At the core of the government’s tax white paper is a new push for a lower company tax rate, one wholeheartedly backed by Treasury as a panacea for our economic woes — and, amazingly, apparently Treasury’s best idea for how to deal with multinational tax avoidance.

The push for a lower company tax is a staple of big business “reform” campaigns. But now Treasury is driving it. Twice recently, senior Treasury officials have flagged the need for lower company tax. In February, new(ish) Treasury secretary John Fraser complained “our company tax rate is high by international standards. In the context of far more mobile capital, high tax rates are dampening investment and productivity.” And last Thursday, his deputy secretary in charge of Treasury’s revenue group, Rob Heferen, went much further in arguing that lower company tax would boost investment and employment. And not just that. According to Heferen, it would help labour productivity, too.

Heferen was speaking to the Minerals Council of Australia. Whether he was oblivious to, or thought it prudent not to mention, the irony of this isn’t clear. See, it is the Minerals Council that is responsible for Australia having a company tax rate of 30%, rather than 28%, which Wayne Swan and Kevin Rudd sought to reduce it to via the initial version of the mining tax. Putting aside the woeful handling of the mining tax (reflecting Kevin Rudd’s refusal to release the Henry Tax Review until well into an election year), the logic of that shift was impeccable — it was designed to provide a permanent benefit from the mining boom by encouraging investment by the non-mining sector through a lower company tax rate.

The lie-filled Minerals Council campaign against the tax prevented it from happening. But even after the council begrudgingly backed a modified mining tax that paid for a 1%, rather than 2%, cut in the company tax rate, Labor couldn’t get the cut through the Senate. In one of the weirder combination in Australian political history, the Coalition and the Greens combined to block a company tax cut. Why was the party of big business opposed to a company tax cut? They never really explained that, especially given they themselves were notionally committed to a 1.5% company tax cut for Tony Abbott’s paid parental leave plan. Presumably Labor’s company tax cut wasn’t as good as the Coalition’s company tax cut, in some ultra-sublime way that mere mortals couldn’t detect.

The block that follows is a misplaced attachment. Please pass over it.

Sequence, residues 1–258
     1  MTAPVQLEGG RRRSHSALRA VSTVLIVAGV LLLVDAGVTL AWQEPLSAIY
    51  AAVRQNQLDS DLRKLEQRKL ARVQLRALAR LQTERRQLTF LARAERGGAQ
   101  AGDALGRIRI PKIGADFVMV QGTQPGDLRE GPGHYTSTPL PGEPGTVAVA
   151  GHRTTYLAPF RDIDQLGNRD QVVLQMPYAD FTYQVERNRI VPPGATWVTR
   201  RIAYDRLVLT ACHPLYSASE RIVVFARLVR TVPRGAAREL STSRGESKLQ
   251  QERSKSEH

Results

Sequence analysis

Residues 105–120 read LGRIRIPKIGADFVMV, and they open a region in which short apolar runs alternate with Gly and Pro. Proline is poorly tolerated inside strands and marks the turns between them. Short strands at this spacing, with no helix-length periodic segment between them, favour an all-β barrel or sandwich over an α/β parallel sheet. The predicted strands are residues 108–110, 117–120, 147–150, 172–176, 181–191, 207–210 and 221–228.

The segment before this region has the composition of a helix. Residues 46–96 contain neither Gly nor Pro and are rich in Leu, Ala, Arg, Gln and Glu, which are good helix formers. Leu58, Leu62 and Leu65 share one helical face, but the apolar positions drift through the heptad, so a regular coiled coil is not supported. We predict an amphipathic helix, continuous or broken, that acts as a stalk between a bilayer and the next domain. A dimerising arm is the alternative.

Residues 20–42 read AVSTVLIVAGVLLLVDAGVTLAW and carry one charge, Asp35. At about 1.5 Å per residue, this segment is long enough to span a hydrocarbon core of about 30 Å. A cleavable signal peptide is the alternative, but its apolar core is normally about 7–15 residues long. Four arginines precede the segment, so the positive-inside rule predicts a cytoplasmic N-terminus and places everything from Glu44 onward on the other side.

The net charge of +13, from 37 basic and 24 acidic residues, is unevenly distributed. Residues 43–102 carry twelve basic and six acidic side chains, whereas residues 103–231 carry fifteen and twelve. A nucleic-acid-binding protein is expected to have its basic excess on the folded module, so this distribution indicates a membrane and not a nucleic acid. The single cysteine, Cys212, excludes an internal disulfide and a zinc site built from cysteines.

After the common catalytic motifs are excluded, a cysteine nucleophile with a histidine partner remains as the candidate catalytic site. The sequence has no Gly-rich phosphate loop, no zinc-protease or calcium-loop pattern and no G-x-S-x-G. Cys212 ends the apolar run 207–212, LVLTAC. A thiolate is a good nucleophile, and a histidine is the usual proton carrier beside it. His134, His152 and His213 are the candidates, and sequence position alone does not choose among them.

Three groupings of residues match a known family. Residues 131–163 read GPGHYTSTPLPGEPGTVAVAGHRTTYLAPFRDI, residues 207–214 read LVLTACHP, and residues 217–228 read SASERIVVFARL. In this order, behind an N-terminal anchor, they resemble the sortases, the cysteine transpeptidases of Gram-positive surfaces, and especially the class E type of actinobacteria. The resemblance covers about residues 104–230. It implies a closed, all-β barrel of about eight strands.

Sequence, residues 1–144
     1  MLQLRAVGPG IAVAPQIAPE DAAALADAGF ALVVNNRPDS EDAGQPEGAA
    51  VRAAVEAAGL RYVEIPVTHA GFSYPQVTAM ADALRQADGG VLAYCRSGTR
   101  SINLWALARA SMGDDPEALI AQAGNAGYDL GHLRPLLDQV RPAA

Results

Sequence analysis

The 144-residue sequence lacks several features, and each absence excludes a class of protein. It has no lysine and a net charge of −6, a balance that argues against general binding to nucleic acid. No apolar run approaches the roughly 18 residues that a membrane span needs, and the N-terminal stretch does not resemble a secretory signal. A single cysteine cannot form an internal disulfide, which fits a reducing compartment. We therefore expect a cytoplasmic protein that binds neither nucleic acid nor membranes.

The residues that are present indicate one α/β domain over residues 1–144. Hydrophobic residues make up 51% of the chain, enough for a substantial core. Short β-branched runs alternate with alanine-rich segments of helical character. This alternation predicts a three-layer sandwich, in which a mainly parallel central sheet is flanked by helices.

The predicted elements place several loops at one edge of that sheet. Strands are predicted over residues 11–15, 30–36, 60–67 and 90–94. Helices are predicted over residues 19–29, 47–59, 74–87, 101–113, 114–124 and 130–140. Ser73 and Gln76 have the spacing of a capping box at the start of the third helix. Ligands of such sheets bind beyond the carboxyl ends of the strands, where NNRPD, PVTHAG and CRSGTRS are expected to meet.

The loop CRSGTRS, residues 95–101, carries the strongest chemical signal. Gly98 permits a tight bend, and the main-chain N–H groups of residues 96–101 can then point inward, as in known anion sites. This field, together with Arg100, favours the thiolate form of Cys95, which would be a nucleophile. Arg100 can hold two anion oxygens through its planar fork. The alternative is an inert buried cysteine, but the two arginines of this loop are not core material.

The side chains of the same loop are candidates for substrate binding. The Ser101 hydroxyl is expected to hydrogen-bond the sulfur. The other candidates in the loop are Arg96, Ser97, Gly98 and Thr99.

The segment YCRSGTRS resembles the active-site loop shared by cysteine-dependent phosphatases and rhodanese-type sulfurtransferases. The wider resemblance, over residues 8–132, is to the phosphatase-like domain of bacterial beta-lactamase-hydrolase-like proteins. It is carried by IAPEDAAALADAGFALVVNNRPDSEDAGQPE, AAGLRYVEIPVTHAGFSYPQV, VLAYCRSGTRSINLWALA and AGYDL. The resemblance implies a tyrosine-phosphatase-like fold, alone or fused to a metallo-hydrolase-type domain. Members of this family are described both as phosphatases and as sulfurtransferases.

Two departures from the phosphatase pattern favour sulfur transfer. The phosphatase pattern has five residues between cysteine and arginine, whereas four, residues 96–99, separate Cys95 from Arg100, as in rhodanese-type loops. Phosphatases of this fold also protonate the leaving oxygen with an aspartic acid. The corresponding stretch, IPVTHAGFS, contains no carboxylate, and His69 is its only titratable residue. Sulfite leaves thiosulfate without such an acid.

Heferen declined to note his host’s role in derailing a 28% company tax rate. Nor did he mention the drivel the Council had produced that very day — yet another report purporting to analyse the tax paid by the mining sector. The estimable Michael West immediately shredded this garbage, and particularly the mining lobby’s go-to lie, that royalties are taxes (and thus, to be used to inflate the sector’s underwhelming tax contribution).

Heferen also mentioned base erosion and profit-shifting (BEPS, better known as tax dodging) by multinational companies, but didn’t go as far as the White Paper itself, which suggests cutting the company tax rate is a fix for that, too. “Lowering our corporate tax rate would also reduce the underlying incentive for companies to engage in profit shifting, debt loading and tax avoidance.”

Is there nothing a company tax cut can’t do? Improve productivity, drive wages growth, lift investment — and fix tax dodging, albeit by simply not bothering to tax the tax dodgers in the first place.

Well, one thing it can’t do is fix the budget, as Heferen admitted. Although, he tries some Laffer Curvonomics to magic away much of the problem, claiming that the benefits to economic growth from a company tax cut would make up “between 45% to 60% of the cost to revenue of a company tax cut”. The real answer on that, however, is found in the white paper, which makes the case for a higher GST, given our rate is low compared to other countries’ consumption tax levels.

Treasury’s Pollyannaish advocacy of a corporate tax cut as an economic panacea is, in effect, the unconditional surrender of Treasury to big companies and particularly multinational tax avoiders. It’s a white flag, rather than a white paper. That the Australian Treasury could seriously suggest that an effective means of dealing with tax dodging is simply to not bother taxing companies in the first place is a low point for a proud institution.

It also places Treasury squarely at odds with voters. Voters want higher company taxes, not lower ones. And they want multinational tax dodging addressed, not in effect formalised by a tax cut. The likes of Rob Heferen and John Fraser will have to work a damn sight harder on their lines if they want to convince voters company tax cuts are good for them. Caving in to multinational tax dodging is exactly the wrong way to go about it. Voters won’t support any company tax cut if they they think the Apples, Googles and News Corps or the world don’t pay the amount they’re supposed to in the first place.